When it comes to figuring out when to have a baby, the size of your home is something to consider. It’s important to keep in mind, however, that the answers to this question are relative.
After all, what exactly is “enough room?”
If you’re comfortable with the idea of sharing a room with your child for the foreseeable future, finding a larger home with space for a nursery may not be an issue. There are people who have babies in tiny homes, after all!
But if having a large home in the suburbs, complete with minivan and basketball goal, are in your plans for raising a family, and you aren’t quite there financially, you might want to consider waiting.
Like all choices, this one looks very different for every family.
5. How is your mental health?
Just as examining the health of your relationship before deciding when to have a baby is important, it’s also crucial to look at your own mental health, as well.
While stress is a common reality for so many of us, you should debate how pregnancy stress and getting ready for baby could exacerbate the situation, not to mention the sleepless nights that are to come once you do have a little one in your home.
Plenty of women who struggle with mental health issues choose to have babies, and there are plenty of ways to make this work.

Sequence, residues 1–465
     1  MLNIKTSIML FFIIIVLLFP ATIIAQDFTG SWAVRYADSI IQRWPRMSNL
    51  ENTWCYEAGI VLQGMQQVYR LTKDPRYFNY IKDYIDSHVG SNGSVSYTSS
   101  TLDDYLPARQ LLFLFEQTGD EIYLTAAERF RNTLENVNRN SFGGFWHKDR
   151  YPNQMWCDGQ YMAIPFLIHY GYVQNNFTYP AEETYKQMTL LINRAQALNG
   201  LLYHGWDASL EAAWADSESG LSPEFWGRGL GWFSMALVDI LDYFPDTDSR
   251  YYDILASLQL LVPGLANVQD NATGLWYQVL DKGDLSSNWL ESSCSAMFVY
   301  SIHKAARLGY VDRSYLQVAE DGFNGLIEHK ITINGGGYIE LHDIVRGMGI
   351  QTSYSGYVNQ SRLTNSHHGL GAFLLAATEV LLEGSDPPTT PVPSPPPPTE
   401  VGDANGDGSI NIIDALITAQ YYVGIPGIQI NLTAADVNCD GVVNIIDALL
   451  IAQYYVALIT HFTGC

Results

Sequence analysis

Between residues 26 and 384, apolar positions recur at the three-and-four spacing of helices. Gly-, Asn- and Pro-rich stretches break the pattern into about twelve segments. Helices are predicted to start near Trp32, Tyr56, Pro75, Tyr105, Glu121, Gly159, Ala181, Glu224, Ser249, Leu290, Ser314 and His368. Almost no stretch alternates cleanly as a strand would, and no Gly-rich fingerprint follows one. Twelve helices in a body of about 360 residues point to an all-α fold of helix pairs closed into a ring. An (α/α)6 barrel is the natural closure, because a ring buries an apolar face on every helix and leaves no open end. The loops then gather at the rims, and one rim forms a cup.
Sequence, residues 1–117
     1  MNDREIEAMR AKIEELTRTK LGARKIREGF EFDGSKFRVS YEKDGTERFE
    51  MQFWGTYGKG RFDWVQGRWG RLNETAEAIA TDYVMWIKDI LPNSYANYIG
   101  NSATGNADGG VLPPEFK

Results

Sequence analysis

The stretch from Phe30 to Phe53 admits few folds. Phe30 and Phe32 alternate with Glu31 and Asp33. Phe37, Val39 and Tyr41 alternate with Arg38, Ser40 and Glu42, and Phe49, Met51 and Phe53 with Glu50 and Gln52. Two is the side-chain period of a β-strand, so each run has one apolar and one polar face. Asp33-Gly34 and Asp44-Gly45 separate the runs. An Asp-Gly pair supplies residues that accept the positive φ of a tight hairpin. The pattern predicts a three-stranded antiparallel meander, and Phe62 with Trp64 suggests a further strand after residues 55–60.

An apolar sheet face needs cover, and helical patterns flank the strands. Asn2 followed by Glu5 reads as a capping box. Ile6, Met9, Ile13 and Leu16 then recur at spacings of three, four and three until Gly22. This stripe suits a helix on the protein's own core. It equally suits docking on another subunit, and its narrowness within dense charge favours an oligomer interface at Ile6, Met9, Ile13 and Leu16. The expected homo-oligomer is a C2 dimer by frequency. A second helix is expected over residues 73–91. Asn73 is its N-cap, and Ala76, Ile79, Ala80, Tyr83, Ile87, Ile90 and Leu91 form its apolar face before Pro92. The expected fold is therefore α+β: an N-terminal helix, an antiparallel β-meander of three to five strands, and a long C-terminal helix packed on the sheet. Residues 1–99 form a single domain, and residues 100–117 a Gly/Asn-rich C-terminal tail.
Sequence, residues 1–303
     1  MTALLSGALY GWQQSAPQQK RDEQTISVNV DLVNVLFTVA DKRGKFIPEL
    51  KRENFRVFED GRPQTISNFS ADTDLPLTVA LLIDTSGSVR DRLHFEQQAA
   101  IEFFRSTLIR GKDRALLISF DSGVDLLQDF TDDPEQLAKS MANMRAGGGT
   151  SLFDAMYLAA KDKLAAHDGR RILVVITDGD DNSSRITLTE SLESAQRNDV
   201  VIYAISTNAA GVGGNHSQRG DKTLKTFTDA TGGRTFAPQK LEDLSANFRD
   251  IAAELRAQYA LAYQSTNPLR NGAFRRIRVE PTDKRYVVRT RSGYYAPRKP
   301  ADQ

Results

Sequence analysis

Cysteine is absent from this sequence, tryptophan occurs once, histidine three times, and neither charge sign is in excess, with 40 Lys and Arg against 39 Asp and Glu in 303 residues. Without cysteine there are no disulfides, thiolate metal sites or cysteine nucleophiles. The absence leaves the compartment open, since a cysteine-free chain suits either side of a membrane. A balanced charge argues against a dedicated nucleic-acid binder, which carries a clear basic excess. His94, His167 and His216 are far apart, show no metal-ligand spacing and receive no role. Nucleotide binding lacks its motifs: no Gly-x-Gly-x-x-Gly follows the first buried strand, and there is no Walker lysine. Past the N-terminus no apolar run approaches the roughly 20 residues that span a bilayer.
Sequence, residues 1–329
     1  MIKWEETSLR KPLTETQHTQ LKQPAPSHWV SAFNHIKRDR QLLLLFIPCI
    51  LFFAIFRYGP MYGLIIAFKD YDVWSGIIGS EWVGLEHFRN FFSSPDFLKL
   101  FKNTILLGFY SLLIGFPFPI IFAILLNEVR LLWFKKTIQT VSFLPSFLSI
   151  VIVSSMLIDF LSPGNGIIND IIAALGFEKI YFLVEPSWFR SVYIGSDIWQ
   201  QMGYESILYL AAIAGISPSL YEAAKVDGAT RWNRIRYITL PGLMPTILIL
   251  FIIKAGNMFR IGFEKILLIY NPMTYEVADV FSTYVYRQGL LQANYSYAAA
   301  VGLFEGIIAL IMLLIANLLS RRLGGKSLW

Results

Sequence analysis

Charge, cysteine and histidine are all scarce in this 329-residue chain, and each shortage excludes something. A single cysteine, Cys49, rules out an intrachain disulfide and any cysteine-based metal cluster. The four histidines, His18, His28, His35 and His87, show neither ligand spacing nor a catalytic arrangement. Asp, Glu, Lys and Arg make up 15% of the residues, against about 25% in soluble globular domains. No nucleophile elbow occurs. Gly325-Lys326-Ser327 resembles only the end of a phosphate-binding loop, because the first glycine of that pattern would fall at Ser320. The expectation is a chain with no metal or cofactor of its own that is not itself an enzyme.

But knowing your own risk factors for issues like perinatal and postpartum depression and anxiety are important!
6. What is your career & maternity leave situation?
We live in a cultural moment where women have more professional opportunities than in years past.
But the reality of the matter is that, in some situations, having a baby can disrupt career opportunities.
It’s a good idea to examine the present and future of your professional career.
Consider how taking time off for a baby might interfere with possible promotions or whether you’re willing to give up your job, if need be.
It’s also vital to find out what your company’s policy on maternity leave. This will help you determine whether you can afford to be out of work for the time it takes to have your baby.
Something to Consider if You’re Undecided About Having a Baby